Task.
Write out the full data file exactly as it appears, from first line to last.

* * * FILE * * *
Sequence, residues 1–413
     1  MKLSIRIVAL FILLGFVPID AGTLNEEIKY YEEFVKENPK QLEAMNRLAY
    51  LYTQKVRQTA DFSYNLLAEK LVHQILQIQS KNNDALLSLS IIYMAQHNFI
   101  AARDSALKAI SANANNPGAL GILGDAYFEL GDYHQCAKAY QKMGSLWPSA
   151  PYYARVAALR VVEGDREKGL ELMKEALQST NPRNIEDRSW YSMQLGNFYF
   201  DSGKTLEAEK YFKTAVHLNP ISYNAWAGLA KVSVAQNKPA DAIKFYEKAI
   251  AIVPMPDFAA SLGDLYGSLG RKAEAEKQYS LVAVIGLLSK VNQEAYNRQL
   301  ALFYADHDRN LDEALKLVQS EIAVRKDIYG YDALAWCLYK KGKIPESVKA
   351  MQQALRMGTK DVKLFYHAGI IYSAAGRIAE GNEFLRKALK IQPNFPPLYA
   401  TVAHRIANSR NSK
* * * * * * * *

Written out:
Sequence, residues 1–413
     1  MKLSIRIVAL FILLGFVPID AGTLNEEIKY YEEFVKENPK QLEAMNRLAY
    51  LYTQKVRQTA DFSYNLLAEK LVHQILQIQS KNNDALLSLS IIYMAQHNFI
   101  AARDSALKAI SANANNPGAL GILGDAYFEL GDYHQCAKAY QKMGSLWPSA
   151  PYYARVAALR VVEGDREKGL ELMKEALQST NPRNIEDRSW YSMQLGNFYF
   201  DSGKTLEAEK YFKTAVHLNP ISYNAWAGLA KVSVAQNKPA DAIKFYEKAI
   251  AIVPMPDFAA SLGDLYGSLG RKAEAEKQYS LVAVIGLLSK VNQEAYNRQL
   301  ALFYADHDRN LDEALKLVQS EIAVRKDIYG YDALAWCLYK KGKIPESVKA
   351  MQQALRMGTK DVKLFYHAGI IYSAAGRIAE GNEFLRKALK IQPNFPPLYA
   401  TVAHRIANSR NSK